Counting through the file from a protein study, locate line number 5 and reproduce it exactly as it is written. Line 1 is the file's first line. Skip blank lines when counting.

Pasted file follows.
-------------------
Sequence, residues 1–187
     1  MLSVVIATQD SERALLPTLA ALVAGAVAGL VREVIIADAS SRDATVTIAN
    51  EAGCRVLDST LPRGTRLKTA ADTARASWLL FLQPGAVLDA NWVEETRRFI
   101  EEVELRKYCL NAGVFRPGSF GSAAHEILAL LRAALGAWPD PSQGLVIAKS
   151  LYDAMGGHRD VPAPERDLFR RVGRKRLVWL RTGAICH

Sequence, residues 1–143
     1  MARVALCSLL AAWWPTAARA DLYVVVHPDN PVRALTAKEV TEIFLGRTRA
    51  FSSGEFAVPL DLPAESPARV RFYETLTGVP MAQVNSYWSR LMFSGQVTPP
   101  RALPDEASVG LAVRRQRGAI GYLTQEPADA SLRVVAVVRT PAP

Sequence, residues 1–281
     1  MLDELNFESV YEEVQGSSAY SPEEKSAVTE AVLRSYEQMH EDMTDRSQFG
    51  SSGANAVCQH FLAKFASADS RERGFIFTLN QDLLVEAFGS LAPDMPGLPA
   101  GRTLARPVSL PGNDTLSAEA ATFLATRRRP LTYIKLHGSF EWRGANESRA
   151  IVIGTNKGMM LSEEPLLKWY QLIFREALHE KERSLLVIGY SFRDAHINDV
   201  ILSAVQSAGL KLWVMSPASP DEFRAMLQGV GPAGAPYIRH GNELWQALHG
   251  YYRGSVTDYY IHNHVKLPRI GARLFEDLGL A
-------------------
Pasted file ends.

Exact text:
   151  LYDAMGGHRD VPAPERDLFR RVGRKRLVWL RTGAICH